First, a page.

History of the Peloponnesian War

Thucydides

Thucydides. The Peloponnesian War. London, J. M. Dent; New York, E. P. Dutton. 1910.

However, I have not come forward either to oppose or to accuse in the matter of Mitylene; indeed, the question before us as sensible men is not their guilt, but our interests.

Though I prove them ever so guilty, I shall not, therefore, advise their death, unless it be expedient; nor though they should have claims to indulgence, shall I recommend it, unless it be clearly for the good of the country.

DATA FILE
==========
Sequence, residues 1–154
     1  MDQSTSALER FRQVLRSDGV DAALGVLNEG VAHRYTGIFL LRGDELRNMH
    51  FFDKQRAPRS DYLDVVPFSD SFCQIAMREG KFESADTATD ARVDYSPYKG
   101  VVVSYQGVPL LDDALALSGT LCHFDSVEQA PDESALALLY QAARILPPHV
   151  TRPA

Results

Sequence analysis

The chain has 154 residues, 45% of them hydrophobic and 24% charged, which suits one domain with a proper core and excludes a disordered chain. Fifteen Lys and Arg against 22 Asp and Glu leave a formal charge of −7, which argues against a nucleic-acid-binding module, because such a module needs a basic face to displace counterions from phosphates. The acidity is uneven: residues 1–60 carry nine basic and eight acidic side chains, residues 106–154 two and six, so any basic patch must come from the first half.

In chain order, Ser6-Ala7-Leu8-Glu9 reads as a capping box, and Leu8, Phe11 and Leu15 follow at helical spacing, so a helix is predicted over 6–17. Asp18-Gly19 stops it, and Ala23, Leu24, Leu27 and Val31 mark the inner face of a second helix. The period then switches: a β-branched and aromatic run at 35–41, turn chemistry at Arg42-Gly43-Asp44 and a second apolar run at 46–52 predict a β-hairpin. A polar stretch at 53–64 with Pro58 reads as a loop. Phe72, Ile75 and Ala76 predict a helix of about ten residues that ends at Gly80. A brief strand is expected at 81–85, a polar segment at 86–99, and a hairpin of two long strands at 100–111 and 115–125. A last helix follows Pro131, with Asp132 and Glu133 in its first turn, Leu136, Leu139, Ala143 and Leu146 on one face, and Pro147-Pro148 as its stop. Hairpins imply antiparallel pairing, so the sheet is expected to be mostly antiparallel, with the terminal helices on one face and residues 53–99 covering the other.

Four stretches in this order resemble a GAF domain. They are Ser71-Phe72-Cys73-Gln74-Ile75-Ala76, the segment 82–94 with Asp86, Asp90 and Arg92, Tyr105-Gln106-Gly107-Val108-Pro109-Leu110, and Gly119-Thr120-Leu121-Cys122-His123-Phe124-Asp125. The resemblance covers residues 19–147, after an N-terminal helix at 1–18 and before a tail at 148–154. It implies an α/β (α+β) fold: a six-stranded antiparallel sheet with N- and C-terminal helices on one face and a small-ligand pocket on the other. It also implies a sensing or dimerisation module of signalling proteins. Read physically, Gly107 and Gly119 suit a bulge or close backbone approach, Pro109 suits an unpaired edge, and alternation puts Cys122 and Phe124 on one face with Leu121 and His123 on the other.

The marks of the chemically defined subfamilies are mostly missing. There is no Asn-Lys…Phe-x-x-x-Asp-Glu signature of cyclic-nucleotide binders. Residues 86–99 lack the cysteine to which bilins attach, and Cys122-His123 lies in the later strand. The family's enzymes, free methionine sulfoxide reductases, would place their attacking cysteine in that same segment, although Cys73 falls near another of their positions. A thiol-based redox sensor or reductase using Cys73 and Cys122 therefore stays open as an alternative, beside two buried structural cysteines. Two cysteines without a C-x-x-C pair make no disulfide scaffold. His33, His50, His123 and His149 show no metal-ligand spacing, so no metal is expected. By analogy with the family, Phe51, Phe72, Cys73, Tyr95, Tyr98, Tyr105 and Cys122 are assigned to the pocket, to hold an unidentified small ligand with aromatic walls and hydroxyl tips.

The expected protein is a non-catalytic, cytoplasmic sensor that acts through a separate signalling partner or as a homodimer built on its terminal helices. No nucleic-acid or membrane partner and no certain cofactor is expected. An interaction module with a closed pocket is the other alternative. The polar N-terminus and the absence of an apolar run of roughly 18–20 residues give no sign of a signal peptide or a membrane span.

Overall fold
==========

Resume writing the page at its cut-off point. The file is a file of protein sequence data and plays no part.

I consider that we are deliberating for the future more than for the present; and where Cleon is so positive as to the useful deterrent effects that will follow from making rebellion capital, I who consider the interests of the future quite as much as he, as positively maintain the contrary.

And I require you not to reject my useful considerations for his specious ones: his speech may have the attraction of seeming the more just in your present temper against Mitylene; but we are not in a court of justice, but in a political assembly; and the question is not justice, but how to make the Mitylenians useful to Athens.